Landlocked: Murkowski Explains Alaskans’ Access Frustrations
Senator Creates YouTube Video to Highlight Growing Federal Restrictions in Alaska
WASHINGTON, D.C. – Senator Lisa Murkowski, R-Alaska, today released a video to help broadcast the Alaska #ThisIsOurLand movement’s agenda to a wider national audience. With Alaskans reeling from the Obama administration’s ongoing efforts to block off millions of onshore and offshore acres from energy development, Murkowski produced the two-minute film to speak plainly to Americans who may be unaware of the federal government’s costly, ever-growing overreach in Alaska.
In the video, Murkowski points out that 61 percent of Alaska’s lands are controlled by the federal government – and that almost none of those lands are truly open to energy production. Instead of allowing Alaskans to responsibly develop the State’s vast resource potential, the Obama Administration has converted an additional 12.2 million acres within ANWR into de facto wilderness; withdrawn 9.8 million additional acres in the offshore Arctic; removed roughly half of the National Petroleum Reserve (NPR-A) from leasing; planned a 685,000-acre “Area of Critical Environmental Concern” in the Fortymile Mining District; proposed sweeping critical habitat designations; and preemptively targeted potential development on State lands.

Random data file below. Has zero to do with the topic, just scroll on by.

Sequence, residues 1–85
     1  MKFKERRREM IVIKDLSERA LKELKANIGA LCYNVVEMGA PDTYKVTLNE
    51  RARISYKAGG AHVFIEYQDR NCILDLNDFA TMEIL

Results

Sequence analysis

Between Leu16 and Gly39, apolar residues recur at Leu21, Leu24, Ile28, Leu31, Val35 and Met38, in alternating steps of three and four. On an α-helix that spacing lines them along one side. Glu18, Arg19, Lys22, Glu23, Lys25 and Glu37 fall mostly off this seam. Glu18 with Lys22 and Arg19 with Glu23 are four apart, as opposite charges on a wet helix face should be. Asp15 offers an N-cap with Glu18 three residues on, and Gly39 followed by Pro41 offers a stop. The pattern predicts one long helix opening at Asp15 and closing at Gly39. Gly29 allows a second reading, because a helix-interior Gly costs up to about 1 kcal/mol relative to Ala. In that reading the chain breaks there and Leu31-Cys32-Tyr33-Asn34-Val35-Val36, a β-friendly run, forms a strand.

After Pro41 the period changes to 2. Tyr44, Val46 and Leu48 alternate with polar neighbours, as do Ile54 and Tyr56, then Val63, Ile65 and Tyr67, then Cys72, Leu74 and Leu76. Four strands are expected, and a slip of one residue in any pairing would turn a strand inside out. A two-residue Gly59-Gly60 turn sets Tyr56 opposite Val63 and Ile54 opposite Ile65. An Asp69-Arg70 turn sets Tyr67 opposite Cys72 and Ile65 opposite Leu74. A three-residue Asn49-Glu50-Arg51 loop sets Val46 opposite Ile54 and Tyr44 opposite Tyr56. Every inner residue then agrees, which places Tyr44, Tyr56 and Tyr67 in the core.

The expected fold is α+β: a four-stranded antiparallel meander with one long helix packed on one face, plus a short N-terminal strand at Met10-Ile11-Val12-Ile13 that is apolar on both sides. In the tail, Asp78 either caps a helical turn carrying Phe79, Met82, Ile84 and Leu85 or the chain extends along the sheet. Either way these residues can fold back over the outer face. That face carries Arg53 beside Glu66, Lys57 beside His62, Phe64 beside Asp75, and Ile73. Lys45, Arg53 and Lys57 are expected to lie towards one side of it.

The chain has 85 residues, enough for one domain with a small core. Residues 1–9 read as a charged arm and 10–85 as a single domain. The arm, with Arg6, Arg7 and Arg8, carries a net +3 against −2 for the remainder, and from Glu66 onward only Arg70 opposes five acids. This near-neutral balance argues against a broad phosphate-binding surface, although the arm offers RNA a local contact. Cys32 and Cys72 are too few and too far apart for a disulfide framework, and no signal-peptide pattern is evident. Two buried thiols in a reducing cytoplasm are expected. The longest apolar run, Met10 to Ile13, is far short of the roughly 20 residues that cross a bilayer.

All of this and more has occurred in conjunction with a series of major federal rules – from the “Waters of the United States” expansion to EPA’s climate regulations – that will bring additional costs and consequences for energy development in Alaska.
Text of Senator Murkowski’s Remarks
“Hi this is Lisa Murkowski, Senator for Alaska. And I want to talk you about the state of my State.
“Alaska is about one-fifth of our country, by land mass. We’re twice as big as Texas, with North Carolina thrown in for good measure.
“If Alaska was overlaid on the Lower 48, we’d stretch from California to South Carolina. That’s a lot of land – but what you may not know, is who controls it.
“The National Park Service manages about 15 percent. The Bureau of Land Management controls another 20 percent. The Fish and Wildlife Service administers 19 percent. The Forest Service controls another six percent down in Southeast. Then you add one percent for the Department of Defense, and the federal government controlling about 61 percent of Alaska’s lands.
“That’s more land than Texas and Utah combined. So who controls the rest?
“The State of Alaska has 27 percent. Alaska Natives have 12 percent. And that leaves just one-quarter of one percent of Alaska as private land - barely even noticeable on a map.
“And while the State and Alaska Natives do their best to foster economic development, the federal government has taken the opposite approach.
“All of the non-yellow lands are federal lands that are now off-limits to resource production. Even the yellow federal areas are hardly “open” to development. All of the dark blue offshore areas have serious development restrictions. Most recently, the Obama Administration is trying to permanently restrict development in the red and orange areas. It’s also targeting the area in pink for new limitations.
“When you add it all up, the federal government is now blocking development on our most resource-rich lands and waters. That’s depriving Alaskans of our ability to produce energy, minerals, timber, and more for the good of our nation. And it’s depriving our nation of jobs, revenues, security, and prosperity.
“That’s the state that we’re in, in Alaska. And that’s why we’re asking for greater access to our lands and waters.”